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Thursday, September 10, 2009

Prison System Falls Short In Treating Drug Addiction

US Prison System Treating Drug Addiction
The United States is literally sick with the disease of addiction. Every day countless numbers of people are sentenced to jail when they belong in drug treatment facilities. The U.S. prison system does not appropriately address the needs of people withdrawing from drugs and people are put through what could only be described as a form of torture. It is estimated that a quarter of a million people that are addicted to heroin are imprisoned each year in the United States. That number is only a fraction of all the people incarcerated that are addicted to various narcotics. Sadly, very few state run prisons offer, let alone provide, any form of detoxification or any type of treatment. A recent Science Daily article addressed this problem and had many interesting facts worth noting. Simply, the U.S. prison system falls short in treating drug addiction.

The Miriam Hospital at Brown University and their affiliated Center for Prisoner Health and Human Rights did a study and their findings are almost hard to believe. "Just half of all federal and state prison systems offer ORT (opiate replacement therapy) with the medications methadone and buprenorphine, and only in very limited circumstances. Similarly, only twenty-three states provide referrals for some inmates to treatment upon release from prison. These policies are counter to guidelines issued by both the World Health Organization (WHO) and the Centers for Disease Control and Prevention, which say prisoners should be offered ORT for treatment of opiate dependence". There is no doubt that providing inmates with the option of ORT and referring prisoners to drug treatment centers, upon release, would dramatically decrease recidivism and ultimately would give people a chance at starting a new life. In turn this would make the streets safer for everyone and this would reduce the taxpayers' burden by keeping addicts from returning to jail over and over.

"Opiate addiction, like all forms of addiction, causes long-term changes to the structure and functioning of the brain, which is why it is classified as a disease. Addiction requires treatment just as other chronic diseases, like diabetes and cancer, do. Unfortunately, there is a large gap between the number of prisoners who require addiction treatment and those who actually receive it," added senior author Josiah Rich, MD, MPH, co-director of the Center for Prisoner Health and Human Rights at The Miriam Hospital and Alpert Medical School. If an inmate were diagnosed with cancer they would receive proper medical treatment for the disease and the same goes with any illness. Why, then, is the disease of addiction overlooked and thrown under the bus time and time again? The science is clear and the facts have been posted on the wall, but, nobody wants to read them - let alone believe them.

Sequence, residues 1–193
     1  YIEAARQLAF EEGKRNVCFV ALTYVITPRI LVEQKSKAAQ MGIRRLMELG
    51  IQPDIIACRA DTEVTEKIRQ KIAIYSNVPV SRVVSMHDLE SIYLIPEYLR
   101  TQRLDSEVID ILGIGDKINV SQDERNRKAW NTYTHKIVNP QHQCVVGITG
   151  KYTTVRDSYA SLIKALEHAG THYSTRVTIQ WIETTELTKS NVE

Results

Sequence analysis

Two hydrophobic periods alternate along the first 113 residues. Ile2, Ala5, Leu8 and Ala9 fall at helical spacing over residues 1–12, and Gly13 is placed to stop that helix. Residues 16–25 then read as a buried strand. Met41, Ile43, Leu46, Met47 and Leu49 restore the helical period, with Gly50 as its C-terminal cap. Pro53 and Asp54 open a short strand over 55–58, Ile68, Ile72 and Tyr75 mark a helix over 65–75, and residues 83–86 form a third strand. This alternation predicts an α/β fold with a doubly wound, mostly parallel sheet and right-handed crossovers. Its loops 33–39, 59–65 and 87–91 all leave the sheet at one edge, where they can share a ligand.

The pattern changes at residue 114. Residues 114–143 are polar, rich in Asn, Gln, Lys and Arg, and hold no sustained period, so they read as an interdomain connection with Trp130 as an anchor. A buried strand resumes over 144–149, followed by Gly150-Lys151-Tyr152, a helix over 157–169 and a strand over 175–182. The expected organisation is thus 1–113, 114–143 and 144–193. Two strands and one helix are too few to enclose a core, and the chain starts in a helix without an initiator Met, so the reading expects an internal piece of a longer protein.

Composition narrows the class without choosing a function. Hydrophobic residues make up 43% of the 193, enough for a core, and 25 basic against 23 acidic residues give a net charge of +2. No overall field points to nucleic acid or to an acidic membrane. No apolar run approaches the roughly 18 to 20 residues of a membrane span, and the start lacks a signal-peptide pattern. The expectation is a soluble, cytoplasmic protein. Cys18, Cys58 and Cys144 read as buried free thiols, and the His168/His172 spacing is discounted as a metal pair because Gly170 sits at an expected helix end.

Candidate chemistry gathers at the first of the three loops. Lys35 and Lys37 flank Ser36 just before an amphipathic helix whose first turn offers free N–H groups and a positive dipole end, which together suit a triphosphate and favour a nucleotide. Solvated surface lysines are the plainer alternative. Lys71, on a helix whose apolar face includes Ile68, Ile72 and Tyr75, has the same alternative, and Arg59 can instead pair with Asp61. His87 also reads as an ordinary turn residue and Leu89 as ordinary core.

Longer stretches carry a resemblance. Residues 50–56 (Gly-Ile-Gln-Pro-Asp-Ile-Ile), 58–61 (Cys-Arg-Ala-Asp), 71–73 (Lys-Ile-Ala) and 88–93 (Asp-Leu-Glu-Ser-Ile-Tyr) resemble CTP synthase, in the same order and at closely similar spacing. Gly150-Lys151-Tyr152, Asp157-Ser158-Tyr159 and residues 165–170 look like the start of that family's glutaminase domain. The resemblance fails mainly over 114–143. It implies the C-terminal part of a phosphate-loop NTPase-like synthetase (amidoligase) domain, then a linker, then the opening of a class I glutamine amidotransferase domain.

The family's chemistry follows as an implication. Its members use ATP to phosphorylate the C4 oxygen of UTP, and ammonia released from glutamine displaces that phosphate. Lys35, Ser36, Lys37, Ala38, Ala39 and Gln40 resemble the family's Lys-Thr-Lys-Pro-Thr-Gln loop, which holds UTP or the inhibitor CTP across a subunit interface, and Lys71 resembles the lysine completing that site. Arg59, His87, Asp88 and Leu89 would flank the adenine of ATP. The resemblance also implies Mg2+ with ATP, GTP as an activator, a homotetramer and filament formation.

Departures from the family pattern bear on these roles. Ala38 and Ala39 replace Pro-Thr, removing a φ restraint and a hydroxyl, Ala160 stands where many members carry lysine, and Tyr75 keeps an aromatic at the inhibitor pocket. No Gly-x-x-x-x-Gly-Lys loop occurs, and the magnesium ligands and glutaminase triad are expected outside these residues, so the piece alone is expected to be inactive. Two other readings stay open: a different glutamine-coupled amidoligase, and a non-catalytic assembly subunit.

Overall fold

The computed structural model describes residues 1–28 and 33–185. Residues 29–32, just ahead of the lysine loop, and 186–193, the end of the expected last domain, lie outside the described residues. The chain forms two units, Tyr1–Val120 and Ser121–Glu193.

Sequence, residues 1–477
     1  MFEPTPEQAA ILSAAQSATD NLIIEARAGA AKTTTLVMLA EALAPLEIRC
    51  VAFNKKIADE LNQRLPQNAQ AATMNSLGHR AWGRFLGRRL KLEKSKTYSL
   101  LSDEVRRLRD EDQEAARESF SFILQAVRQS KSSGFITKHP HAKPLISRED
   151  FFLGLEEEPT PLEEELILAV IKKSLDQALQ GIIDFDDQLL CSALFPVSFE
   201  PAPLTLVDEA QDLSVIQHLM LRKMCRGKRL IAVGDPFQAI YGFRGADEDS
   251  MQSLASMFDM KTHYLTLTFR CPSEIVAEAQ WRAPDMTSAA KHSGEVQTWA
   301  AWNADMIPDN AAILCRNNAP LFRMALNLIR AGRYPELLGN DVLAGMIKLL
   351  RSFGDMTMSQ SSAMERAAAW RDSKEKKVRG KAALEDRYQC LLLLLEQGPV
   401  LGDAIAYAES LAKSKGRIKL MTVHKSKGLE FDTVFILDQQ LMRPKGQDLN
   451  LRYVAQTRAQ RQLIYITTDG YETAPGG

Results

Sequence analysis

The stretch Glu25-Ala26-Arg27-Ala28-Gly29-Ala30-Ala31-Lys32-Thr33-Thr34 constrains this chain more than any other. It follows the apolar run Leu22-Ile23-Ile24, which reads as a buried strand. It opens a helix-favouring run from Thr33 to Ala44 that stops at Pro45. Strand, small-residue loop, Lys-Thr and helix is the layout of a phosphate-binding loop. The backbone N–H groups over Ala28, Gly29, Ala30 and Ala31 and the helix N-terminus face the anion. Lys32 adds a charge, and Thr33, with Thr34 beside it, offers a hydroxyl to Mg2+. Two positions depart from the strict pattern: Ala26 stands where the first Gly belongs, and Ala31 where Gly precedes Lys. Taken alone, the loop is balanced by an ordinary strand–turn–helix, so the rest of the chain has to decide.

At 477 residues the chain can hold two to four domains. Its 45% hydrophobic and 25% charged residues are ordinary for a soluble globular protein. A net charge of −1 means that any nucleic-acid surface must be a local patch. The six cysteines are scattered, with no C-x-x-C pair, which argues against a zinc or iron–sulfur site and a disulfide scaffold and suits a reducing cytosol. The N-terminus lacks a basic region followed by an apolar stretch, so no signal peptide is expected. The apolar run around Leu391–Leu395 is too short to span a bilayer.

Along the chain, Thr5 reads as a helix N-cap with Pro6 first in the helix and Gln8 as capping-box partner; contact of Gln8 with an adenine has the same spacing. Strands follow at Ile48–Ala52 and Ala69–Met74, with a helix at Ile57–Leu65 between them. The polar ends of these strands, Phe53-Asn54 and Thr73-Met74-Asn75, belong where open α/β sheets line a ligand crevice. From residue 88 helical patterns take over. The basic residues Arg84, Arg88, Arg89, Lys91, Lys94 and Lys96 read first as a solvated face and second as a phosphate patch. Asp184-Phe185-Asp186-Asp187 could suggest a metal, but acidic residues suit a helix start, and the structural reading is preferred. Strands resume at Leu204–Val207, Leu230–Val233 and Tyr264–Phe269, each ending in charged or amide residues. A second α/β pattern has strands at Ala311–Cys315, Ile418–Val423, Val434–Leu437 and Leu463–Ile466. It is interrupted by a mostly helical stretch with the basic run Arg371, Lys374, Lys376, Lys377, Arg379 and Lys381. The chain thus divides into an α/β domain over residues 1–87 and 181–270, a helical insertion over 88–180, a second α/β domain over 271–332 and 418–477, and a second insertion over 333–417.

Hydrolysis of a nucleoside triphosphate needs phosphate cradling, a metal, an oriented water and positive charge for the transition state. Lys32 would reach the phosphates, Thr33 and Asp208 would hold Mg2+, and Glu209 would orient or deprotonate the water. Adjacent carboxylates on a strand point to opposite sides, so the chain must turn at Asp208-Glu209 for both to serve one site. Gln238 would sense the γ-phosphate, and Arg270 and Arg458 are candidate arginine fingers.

"In spite of overwhelming scientific evidence demonstrating that pharmacological treatment for addiction has greater health and social benefits than abstinence-only policies, many prison directors are philosophically opposed to treating substance use. Most prisons also do not provide referrals for substance use treatment for prisoners upon release. These trends contribute to high re-incarceration rates and have detrimental impacts on community health. Our interviews with prison medical directors suggest that changing these policies may require an enormous cultural shift within correctional systems", stated Amy Nunn, ScD, the studies lead author and an assistant professor of medicine (research) at The Warren Alpert Medical School of Brown University. It is hard not to see Amy Nunn's point, real change and the destruction of the social stigmas that come along with addiction are ever so important. If prisons continue to view the disease of addiction as a question of willpower of weak moral fiber, then there will always be hundreds of thousands of people returning to prison as repeat offenders. Over 10 million people go to jail in America every year, most of which have or have had a substance abuse problem. The tools are available for curbing those numbers; however, we are failing to utilize them.

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